Wait, Can Anyone Explain Why Google Should Promote Other Search Engines?

from the i'm-confused dept

As the EU continues to use its Tim Wu-sian definition of monopoly where “being successful” equals “monopoly,” it is has taken the step that everyone expected and has begun investigating Google for supposedly anti-competitive practices with regards to “competing search engines” such as Foundem. Foundem has been on this kick for a while. It has a crappy search engine that sucks and then it complains that Google doesn’t link highly enough to them. The whole thing almost feels like it was set up purposely to have an excuse to go after Google.

As per usual, the absolute best response to this investigation comes from Danny Sullivan, who satirically notes that when he searches Google, obviously it had better link to other search engines as the top results:

I did a search at Google today for “cars” and was shocked. Rather than list links allowing me to search for “cars” on Bing, Yahoo, Baidu, Voila, Naver and Yandex, Google instead favored its own search results. I?m glad the EU will be investigating whether this favoritism violates anti-trust laws.

He goes on from there. It’s worth reading the entire piece, because at the end he dismantles the entire argument of Foundem and the EU. It simply makes no sense. The whole thing is based on a basic fallacy that some companies who failed to actually get the market to come to them somehow think Google owes them traffic. Here’s a tip: if your business model depends on getting traffic from Google, you are making a poor strategic decision.

And this is more true today than ever before. It wasn’t that long ago that the vast majority of our referral traffic came from Google (the majority of our overall traffic comes from direct access/RSS readers). These days, however, while Google is still high up there, there’s a wide mix of alternative sources that bring us traffic: StumbleUpon, Twitter, Facebook, Reddit and a variety of other sources. Most of these aren’t search engines — but they are massive traffic generators, showing that people find stuff via social means at an increasing rate, and the idea that any business is totally reliant on one company, Google, to survive, simply suggests a poor business strategy. Regulators should never reward poor business strategies, but that appears to be what they’re looking to do over in the EU.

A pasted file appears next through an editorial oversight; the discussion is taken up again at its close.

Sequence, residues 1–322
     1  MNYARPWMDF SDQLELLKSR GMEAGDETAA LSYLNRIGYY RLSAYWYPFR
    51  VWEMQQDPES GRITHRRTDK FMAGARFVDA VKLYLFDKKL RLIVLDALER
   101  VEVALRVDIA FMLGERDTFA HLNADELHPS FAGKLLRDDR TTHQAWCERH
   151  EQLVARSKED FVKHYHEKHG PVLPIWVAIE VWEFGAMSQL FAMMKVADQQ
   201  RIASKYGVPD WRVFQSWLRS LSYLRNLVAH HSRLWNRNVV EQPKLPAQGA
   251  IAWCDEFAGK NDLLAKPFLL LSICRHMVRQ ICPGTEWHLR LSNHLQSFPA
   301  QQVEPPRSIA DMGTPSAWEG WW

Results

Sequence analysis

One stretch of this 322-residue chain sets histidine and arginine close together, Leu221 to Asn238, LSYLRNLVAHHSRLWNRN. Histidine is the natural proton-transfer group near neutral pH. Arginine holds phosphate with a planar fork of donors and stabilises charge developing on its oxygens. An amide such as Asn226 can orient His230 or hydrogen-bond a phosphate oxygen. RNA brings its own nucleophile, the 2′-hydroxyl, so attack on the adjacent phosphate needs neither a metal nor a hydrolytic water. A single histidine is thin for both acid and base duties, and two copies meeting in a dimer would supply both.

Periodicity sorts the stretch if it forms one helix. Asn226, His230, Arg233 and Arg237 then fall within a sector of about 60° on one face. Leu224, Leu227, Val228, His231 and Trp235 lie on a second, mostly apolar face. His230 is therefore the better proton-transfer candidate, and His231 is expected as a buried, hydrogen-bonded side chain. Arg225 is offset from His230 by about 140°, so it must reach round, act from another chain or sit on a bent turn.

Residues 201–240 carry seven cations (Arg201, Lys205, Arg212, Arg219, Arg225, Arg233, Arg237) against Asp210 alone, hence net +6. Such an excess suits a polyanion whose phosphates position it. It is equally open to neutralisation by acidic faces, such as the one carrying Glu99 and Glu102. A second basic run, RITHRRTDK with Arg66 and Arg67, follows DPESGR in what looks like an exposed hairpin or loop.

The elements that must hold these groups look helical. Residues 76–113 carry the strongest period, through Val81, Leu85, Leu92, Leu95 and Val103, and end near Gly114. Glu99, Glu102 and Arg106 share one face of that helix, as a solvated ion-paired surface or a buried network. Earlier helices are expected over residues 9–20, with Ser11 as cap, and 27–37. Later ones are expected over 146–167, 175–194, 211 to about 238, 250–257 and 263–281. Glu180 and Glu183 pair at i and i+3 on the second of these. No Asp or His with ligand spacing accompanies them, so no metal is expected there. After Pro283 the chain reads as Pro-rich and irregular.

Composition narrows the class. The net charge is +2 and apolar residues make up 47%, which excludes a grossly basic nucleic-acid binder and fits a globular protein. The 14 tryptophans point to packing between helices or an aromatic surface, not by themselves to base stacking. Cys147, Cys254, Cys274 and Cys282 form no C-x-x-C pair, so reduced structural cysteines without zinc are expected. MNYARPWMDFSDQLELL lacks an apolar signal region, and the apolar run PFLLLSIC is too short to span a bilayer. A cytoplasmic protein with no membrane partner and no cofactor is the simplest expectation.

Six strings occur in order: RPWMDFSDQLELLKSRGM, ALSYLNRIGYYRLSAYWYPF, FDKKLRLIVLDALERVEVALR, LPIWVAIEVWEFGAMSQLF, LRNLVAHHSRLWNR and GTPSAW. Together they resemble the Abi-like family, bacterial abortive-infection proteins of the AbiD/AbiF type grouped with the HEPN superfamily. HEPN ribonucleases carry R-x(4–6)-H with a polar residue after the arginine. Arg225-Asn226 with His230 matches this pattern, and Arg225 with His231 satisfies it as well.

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Comments on “Wait, Can Anyone Explain Why Google Should Promote Other Search Engines?”

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David says:

The problem is that these people have an idea of what a search engine should be so they consider any new change (innovation) to be a violation, they want Google to act as a traffic pump to their sites instead of it’s main purpose which is answering quires.
Thing is that search will eventually evolve beyond the ranking of blue links and become even more personalized, so are they going to force Google to stop innovating and just pump traffic to useless link farms?!

What do you think the EU will do, Mike?

TheStupidOne says:

Here’s the Google way to make this go away instantly …

In the Google account options, include a box to allow you to select which shopping search engine, which image search, video, etc. This way if someone wants to use Bing Image Search when they actually do the search from Google they can.

Of course you have to have a Google account and be logged in for this to work and Google needs to set defaults for people who can’t be bothered to choose and who could blame Google for making the default selection their own search results.

Then Google can say that listened to the concerns and there is a way other search engine’s fans to optimize their experience using Google. Plus Google will get good PR for being as user friendly as it can be.

Anonymous Coward says:

Re: from the "google is god" Dept..

Er….not the same reason.

Windows doesn’t have to provide an install package for Linux. They just can’t force IE to be “The one and only browser”.

Granted, I thought the whole anti-trust thing was stupid, especially since Firefox and Safari were already gaining ground, but yes, semantics.

Anonymous Coward says:

“I did a search at Google today for “cars” and was shocked. Rather than list links allowing me to search for “cars” on Bing, Yahoo, Baidu, Voila, Naver and Yandex, Google instead favored its own search results. I?m glad the EU will be investigating whether this favoritism violates anti-trust laws.”

that would just piss me off

Alain - Edmonton SEO guy (user link) says:

Search engines

From a PR perspective, good for Foundem. From the standpoint of having a useful search engine, so sorry. lol

There’s no question, Google has done search well. I expect they’ll start to see much more of the same treatment Microsoft got, until Microsoft decreased in relevancy.